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Voter Turnout Low in US


In the past 30 years, voter turnout in the United States has been mostly

on the decline, with participation hovering just above 50-percent in

presidential elections - even during tight races like the one predicted

this year between President Bush and likely Democratic rival John Kerry.

Among the world's democracies, America ranks with Switzerland as the

countries with the lowest voter participation.

And during recent presidential primaries, voter turnout was some of the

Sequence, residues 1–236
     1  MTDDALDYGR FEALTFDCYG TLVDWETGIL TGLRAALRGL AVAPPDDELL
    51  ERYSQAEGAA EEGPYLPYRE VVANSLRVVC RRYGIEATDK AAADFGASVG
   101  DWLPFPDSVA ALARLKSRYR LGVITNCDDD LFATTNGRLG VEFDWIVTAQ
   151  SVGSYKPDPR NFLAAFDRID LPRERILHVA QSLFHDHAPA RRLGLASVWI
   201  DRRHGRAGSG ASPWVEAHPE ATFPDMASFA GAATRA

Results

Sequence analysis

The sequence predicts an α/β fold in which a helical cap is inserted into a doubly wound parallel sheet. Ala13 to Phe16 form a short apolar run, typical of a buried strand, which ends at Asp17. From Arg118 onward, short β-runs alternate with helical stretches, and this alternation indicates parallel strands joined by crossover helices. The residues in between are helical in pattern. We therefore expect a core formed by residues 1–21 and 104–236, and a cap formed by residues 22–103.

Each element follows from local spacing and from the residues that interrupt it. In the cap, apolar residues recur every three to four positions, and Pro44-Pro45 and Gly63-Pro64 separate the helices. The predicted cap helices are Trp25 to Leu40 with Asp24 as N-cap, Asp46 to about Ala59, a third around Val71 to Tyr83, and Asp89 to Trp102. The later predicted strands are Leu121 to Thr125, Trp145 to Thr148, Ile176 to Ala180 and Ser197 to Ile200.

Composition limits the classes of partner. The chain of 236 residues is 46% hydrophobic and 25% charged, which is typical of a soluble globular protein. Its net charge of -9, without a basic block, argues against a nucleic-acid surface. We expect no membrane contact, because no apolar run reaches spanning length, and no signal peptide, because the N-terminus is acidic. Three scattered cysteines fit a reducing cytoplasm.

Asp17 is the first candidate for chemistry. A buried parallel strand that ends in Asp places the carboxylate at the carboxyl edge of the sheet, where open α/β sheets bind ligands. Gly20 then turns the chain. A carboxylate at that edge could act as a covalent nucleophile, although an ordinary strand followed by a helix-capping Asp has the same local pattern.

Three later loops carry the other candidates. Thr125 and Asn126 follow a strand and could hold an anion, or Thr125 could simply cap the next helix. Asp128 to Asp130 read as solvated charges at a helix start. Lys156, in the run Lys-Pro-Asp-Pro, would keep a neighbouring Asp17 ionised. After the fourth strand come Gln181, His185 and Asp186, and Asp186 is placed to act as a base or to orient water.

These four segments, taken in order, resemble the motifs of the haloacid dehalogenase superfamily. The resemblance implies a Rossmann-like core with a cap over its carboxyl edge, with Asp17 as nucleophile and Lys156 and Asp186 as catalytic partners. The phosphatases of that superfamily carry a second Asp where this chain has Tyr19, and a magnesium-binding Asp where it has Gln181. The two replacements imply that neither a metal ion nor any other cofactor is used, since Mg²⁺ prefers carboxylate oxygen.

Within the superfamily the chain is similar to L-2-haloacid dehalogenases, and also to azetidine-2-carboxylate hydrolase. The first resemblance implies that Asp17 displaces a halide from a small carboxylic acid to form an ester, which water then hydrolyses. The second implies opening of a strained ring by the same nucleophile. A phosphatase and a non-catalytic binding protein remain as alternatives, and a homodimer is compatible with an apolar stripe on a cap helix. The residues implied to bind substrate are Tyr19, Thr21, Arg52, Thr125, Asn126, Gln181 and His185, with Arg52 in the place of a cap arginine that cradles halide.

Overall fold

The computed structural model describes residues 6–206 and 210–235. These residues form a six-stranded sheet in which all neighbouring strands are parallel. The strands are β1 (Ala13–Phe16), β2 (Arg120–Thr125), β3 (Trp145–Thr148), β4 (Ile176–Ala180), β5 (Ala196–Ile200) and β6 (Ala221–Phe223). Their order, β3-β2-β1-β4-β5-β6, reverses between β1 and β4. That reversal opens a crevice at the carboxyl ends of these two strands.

lowest on record.

Statistics show that the lowest participation is among youth, or voters

between the ages of 18 and 25. Older voters - those over the age of 65

- are the most likely to vote.

The U.S. census bureau said its statistics have found that those most

likely to go to the polls are older individuals, homeowners, married

couples, and people with more schooling and higher incomes. The study

also found that many Americans say they do not vote because they are too

busy.

Some states have tried to boost turnout by making it easier for people

to register to vote and to cast ballots, through early voting and voting

by mail programs.

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